With its wealthy ageing population, Hong Kong is seeing an increasing number of issues arising from failing mental capacity. A recent case from England, The Vegetarian Society and Scott, provides helpful insights into this increasingly complex area. The case concerned the estate of the late John McKeen, which was valued at over GBP 1m. It was accepted by all parties that Mr. McKeen had been suffering from schizophrenia, but did that mean his last Will was invalid?
Mr McKeen made five Wills during his lifetime, all with the assistance of solicitors. Under the first three Wills, family members received significant bequests. Under the last two Wills, they only received a fraction of his estate. Indeed, under the last Will, the lion’s share of the estate would go to two vegetarian organisations. This “raised eyebrows”, as the deceased had no connection to either organisation and was neither a vegan nor a vegetarian.
In general, the deceased exhibited very unusual behaviour. For example, he used to enter and exit his house via the first floor bathroom window. He also left numerous incoherent and rambling writings. Indeed, the experts on both sides agreed that Mr McKeen suffered from thought disorder and schizophrenia. Despite this, his Wills were upheld. Why?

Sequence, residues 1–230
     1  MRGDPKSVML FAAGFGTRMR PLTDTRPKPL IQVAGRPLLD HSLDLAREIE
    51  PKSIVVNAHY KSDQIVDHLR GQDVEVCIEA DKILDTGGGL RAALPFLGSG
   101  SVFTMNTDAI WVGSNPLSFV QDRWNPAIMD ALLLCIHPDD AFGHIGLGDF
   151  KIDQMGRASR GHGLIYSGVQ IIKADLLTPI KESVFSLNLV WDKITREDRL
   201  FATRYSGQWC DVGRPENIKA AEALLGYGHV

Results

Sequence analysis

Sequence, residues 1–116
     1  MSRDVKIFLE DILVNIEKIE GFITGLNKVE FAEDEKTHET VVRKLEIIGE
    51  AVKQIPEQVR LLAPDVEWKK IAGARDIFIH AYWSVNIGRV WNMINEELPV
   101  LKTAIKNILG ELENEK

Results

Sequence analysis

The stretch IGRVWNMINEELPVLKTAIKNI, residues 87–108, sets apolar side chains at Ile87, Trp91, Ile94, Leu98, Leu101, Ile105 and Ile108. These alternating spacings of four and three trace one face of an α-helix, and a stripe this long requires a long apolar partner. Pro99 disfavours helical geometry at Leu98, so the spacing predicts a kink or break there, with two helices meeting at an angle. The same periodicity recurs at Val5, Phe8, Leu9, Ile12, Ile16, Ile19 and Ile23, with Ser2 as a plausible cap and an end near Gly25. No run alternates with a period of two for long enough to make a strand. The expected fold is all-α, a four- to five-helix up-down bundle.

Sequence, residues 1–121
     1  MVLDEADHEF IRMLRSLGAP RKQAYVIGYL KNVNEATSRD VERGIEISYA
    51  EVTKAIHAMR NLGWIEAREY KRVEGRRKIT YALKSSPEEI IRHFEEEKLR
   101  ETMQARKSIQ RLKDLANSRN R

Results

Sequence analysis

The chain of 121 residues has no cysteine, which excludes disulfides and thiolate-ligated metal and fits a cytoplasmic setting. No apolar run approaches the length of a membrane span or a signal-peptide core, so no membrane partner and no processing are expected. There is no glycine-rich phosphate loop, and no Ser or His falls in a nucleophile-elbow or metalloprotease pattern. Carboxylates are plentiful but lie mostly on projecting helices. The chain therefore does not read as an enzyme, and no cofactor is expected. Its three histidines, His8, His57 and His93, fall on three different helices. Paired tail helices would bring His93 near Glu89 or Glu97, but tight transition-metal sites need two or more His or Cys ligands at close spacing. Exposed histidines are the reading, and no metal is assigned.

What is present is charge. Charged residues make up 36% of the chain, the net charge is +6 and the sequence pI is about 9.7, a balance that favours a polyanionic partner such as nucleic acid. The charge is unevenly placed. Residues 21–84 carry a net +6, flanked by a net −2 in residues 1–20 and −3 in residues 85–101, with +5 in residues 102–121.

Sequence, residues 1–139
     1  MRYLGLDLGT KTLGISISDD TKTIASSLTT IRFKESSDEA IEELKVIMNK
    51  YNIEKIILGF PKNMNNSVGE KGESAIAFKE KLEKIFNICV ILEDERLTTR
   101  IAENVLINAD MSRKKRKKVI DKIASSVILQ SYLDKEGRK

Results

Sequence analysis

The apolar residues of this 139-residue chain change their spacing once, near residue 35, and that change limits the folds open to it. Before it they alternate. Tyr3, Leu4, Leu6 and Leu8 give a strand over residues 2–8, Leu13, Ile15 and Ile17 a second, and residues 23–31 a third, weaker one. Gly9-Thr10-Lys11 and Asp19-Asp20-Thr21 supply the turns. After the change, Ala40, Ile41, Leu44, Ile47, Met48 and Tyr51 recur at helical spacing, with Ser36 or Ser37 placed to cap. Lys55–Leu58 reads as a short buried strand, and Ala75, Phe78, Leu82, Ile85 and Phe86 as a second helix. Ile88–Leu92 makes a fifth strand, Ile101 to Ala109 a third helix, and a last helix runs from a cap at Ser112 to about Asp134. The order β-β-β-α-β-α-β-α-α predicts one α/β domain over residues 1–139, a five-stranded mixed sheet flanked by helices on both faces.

The case demonstrates that simply suffering from a mental illness will not automatically invalidate a Will. The effect of that illness on mental capacity is the key issue. It was decided that Mr McKeen’s mental illness did not prevent him from having rational thoughts and that he could gather his thoughts for “goal directed activity” (schizophrenia being time and task specific). In addition, the judge found that there was a good reason why the deceased did what he did: “Mr McKeen did not feel the natural bond of love and affection with his blood family that usually exists” and thus “he consciously decided to leave his estate elsewhere.” For all his eccentricities and obvious mental illness, he was able to give coherent and logical instructions and there seemed to be rational reasons for his approach.
Another key lesson from the proceedings is to choose your expert well. The expert for the family member trying to overturn Mr McKeen’s last Will appears to have had his evidence largely disregarded for two reasons: (i) he was not able adequately to reconcile some of the unusual factual features in the case; and (ii) he was unfamiliar with the elements of testamentary capacity. Perhaps unsurprisingly the judge therefore found his evidence to be of limited assistance.